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Summer Safety Alert: Navigating Recreational Burning Permits

As summer approaches there is nothing quite like a beach bonfire or a campfire to roast marshmallows. While these activities promise fun and relaxation, it’s crucial to understand the regulations to safeguard both the environment and yourself from potential consequences. Be sure to understand the types of burning that don’t require a permit and the mandatory safety requirements.

Mandatory Safety Requirements

To ensure safe burning practices, the following safety requirements must be adhered to:

  • A serviceable shovel and a minimum of five gallons of water must be within the immediate vicinity of the fire. A bucket is acceptable if the outdoor fire is adjacent to an accessible body of water. A charged garden hose or other adequate water supply may be substituted for the five-gallon water requirement.
  • Only one pile may be burned at any one time and each pile must be extinguished before lighting another.
  • Burning must be done during periods of calm to very light winds. Burning when wind will scatter loose flammable materials, such as dry leaves and clippings, is prohibited.

Failure to follow these safety guidelines when burning can result in injuries, property damage, and legal liability. Insurance policies that otherwise might provide coverage could also use failure to burn safely as a reason to cancel a policy or deny a claim.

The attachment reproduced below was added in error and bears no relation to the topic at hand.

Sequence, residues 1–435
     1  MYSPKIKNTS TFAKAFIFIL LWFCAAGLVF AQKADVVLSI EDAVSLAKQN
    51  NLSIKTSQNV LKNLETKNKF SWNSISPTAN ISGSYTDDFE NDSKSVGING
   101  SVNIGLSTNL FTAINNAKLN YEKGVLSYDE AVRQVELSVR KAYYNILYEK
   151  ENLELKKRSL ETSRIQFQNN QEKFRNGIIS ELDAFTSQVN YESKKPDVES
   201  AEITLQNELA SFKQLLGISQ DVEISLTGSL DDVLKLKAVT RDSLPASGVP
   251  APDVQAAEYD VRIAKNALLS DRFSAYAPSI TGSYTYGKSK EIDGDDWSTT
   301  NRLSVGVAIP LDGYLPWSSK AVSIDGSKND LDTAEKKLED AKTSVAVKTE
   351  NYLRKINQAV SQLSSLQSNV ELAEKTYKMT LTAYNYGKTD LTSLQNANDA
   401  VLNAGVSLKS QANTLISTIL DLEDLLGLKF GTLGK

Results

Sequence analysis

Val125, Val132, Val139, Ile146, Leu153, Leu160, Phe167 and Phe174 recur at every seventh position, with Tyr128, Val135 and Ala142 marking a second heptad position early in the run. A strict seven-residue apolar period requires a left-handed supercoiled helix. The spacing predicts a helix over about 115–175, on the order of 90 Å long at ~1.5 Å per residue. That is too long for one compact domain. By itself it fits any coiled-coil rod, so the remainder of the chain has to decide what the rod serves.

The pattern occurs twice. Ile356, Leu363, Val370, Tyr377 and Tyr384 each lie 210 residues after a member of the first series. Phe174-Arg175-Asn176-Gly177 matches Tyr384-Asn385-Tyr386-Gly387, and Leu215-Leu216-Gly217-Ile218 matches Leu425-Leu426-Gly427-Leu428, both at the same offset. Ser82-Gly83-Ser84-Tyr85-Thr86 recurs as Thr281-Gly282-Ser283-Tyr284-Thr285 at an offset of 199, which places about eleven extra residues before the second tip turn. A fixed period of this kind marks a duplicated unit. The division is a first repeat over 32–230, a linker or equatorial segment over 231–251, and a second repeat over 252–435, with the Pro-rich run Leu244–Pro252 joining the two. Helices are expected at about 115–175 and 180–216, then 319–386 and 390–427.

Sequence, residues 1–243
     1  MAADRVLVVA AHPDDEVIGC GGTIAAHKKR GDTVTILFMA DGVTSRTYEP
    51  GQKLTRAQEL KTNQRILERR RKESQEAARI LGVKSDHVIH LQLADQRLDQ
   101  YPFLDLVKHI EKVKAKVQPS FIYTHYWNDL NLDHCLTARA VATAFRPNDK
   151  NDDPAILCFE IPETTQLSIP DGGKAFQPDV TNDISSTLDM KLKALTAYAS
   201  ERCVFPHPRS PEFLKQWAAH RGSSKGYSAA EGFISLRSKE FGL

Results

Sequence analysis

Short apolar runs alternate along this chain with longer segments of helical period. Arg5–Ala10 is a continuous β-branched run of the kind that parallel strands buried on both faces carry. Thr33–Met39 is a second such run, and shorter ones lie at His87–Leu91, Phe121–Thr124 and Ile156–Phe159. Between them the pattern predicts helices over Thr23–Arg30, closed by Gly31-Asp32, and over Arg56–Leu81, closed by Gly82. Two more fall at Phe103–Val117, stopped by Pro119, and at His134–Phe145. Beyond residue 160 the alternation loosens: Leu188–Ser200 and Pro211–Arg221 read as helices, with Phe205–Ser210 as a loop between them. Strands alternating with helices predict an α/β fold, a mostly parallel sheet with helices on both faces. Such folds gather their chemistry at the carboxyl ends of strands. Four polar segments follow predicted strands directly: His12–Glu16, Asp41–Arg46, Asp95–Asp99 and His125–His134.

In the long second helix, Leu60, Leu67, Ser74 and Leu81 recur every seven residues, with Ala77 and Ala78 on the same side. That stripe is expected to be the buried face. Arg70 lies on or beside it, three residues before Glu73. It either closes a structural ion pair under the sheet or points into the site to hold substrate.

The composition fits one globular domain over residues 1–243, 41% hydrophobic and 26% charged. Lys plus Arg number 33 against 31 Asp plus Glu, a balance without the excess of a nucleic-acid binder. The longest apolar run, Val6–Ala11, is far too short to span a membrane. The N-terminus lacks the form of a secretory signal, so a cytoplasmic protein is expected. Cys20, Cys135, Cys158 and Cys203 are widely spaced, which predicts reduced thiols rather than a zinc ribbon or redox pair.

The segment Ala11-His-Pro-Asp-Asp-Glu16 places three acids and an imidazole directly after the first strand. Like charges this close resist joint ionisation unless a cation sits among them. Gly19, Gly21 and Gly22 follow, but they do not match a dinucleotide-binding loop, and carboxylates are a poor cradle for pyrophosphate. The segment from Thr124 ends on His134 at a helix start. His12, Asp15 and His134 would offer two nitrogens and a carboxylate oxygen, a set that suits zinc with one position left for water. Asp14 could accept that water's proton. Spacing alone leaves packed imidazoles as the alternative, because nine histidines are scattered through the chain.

Types of Burning that Don’t Require a Permit 

According to WAC 332-24-211, the following types of burning don’t require a written burning permit:

  • A fire contained within a campfire pit, approved by the department, located in a state, county, municipal, or other campground.
  • A fire contained within a camp stove or barbecue.
  • A hand-built pile no larger than four feet in diameter that is being used exclusively for recreational purposes.
  • Situated on bare soil, gravel bars, beaches, green fields, or other similar areas free of flammable material for a sufficient distance adequate to prevent the escape of fires.

Contact an Experienced Personal Injury Attorney 

By adhering to these guidelines, individuals can enjoy summer bonfires and other burning activities responsibly. However, accidents still do occur and in the event of that, you will need an experienced attorney. GLP Attorneys has extensive experience handling personal injury cases, including fire-related deaths and injuries. Our Fire Injuries practice is led by Janelle Carney Boston, who has been practicing in Washington State since 2008 and is the Managing Shareholder of our Spokane and Tri-Cities offices. Our lawyers are here to support you through your case and ensure that you are able to adequately heal. 

If you have been involved in a fire-related accident, please contact our attorneys for a free consultation.

If you have been involved in an accident, please call or email our attorneys for a free consultation